Research Reports - The prevalence of traumatic brain injury among people with co-occurring mental health and substance use disorders

J Head Trauma Rehabil. 2016 Jul 21. [Epub ahead of print]

McHugo GJ(1), Krassenbaum S, Donley S, Corrigan JD, Bogner J, Drake RE.

OBJECTIVE: To estimate the rate and severity of traumatic brain injury (TBI)
among people with co-occurring mental health and substance use disorders and to
compare demographic, diagnostic, and institutionalization differences between
those who screen positive or negative.
SETTING: Outpatient community mental health center in Washington, District of
Columbia.
PARTICIPANTS: A total of 295 people with co-occurring mental health and substance
use disorders enrolled in a prospective study of integrated treatment of
substance abuse.
DESIGN: Cross-sectional baseline assessment.
MAIN MEASURES: The Ohio State University TBI Identification Method. Standardized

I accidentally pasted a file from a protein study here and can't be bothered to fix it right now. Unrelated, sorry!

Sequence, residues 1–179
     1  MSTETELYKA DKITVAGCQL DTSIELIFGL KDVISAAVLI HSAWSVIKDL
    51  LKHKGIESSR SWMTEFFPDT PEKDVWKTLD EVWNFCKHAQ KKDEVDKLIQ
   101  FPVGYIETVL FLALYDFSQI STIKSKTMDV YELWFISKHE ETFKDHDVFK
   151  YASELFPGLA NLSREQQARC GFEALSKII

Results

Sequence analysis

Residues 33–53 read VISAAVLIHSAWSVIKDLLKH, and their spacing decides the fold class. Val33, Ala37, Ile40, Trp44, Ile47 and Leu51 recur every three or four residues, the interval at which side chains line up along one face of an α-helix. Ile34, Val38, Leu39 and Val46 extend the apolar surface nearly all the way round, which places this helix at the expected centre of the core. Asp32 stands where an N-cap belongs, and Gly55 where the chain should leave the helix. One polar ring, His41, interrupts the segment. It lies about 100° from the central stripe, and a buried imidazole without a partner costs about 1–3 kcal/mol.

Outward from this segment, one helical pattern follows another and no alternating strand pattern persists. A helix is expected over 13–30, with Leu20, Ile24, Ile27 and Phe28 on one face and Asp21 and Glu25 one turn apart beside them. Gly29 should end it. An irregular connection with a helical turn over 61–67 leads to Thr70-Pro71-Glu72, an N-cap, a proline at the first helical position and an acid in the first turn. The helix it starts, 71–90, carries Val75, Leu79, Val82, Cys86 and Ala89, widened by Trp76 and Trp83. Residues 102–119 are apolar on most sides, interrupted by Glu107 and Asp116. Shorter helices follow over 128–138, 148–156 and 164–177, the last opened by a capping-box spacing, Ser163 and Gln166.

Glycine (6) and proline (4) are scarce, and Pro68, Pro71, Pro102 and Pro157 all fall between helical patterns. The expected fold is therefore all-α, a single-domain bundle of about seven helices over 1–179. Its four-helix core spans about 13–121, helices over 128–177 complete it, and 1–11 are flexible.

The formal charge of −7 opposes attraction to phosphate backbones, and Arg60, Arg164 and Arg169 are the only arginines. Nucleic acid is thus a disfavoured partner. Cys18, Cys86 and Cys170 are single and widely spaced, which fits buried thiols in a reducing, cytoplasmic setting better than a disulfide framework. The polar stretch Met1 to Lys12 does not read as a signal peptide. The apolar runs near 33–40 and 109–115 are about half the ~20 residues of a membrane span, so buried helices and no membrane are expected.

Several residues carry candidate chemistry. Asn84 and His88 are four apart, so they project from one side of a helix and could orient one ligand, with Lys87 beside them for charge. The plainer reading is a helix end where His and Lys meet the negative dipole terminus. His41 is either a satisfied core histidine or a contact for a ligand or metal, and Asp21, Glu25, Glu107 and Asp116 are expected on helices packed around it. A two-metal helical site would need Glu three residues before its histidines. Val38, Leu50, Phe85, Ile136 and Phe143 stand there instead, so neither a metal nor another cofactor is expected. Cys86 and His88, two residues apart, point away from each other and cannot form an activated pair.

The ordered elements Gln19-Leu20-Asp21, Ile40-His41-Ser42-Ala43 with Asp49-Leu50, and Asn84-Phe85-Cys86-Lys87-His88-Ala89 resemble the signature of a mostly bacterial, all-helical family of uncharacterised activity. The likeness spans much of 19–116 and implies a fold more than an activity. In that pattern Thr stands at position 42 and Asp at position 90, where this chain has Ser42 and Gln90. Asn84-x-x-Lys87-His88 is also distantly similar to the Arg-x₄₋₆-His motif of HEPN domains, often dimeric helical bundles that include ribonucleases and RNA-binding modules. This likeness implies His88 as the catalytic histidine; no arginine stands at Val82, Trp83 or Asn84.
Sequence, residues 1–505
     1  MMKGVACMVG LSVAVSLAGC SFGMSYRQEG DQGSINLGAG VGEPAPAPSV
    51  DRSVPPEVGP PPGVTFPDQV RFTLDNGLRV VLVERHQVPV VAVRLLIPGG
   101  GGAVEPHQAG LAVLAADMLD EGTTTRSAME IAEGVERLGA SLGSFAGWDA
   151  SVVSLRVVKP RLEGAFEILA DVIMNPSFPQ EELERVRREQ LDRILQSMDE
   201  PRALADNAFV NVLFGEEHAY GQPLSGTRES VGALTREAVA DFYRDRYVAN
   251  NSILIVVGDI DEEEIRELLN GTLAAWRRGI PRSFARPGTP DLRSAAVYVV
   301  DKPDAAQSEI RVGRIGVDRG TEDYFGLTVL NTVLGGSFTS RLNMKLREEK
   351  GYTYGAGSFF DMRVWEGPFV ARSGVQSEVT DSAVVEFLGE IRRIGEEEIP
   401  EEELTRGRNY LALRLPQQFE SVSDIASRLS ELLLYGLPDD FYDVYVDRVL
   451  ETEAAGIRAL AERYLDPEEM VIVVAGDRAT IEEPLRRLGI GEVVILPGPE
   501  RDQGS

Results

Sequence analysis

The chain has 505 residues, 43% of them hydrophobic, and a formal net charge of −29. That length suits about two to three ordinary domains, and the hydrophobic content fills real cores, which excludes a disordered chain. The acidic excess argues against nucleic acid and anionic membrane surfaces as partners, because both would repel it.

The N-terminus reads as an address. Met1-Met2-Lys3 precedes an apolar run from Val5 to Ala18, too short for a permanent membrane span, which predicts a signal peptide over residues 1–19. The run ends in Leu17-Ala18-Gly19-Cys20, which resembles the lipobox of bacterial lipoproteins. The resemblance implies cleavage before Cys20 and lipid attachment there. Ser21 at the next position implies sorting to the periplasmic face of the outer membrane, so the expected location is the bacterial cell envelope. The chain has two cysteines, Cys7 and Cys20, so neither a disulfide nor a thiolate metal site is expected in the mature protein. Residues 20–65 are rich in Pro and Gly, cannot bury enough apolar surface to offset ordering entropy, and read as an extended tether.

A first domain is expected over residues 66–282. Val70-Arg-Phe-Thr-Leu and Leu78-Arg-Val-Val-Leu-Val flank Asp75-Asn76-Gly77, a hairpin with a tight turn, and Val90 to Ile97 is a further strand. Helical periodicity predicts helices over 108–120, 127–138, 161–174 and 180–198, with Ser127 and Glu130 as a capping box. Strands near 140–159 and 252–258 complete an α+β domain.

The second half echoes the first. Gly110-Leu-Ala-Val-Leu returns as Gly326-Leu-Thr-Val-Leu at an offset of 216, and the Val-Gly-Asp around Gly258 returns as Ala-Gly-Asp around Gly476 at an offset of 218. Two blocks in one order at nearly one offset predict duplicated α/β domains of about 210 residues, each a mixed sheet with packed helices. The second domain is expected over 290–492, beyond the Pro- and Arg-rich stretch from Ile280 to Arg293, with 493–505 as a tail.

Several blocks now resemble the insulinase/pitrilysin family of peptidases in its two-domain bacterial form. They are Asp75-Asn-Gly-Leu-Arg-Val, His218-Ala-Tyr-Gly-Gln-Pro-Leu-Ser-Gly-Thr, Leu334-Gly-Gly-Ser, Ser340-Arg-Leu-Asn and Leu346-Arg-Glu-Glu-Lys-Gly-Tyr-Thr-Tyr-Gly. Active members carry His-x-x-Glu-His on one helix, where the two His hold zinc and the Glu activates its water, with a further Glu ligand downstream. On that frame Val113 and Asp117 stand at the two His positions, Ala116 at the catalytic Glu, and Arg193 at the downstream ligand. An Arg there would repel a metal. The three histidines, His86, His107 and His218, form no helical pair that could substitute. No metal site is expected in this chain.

measures assessed psychiatric diagnoses, symptom severity, current and lifetime
substance use, and history of institutionalization.
RESULTS: Eighty percent screened positive for TBI, and 25% reported at least 1
moderate or severe TBI. TBI was associated with current alcohol use and
psychiatric symptom severity and with lifetime institutionalization and
homelessness. It was more common among participants with posttraumatic stress
disorder, borderline personality disorder, and antisocial personality disorder.
Men (vs women) and participants with psychotic disorders (vs those with mood
disorders) had an earlier age of first TBI with loss of consciousness.
CONCLUSION: TBI is common among people with co-occurring mental health and
substance use disorders. Repeated and serious TBIs are common in this population.
Failure to detect TBI in people with co-occurring disorders who are seeking
integrated treatment could lead to misdiagnosis and inappropriately targeted
treatment and rehabilitation.
 

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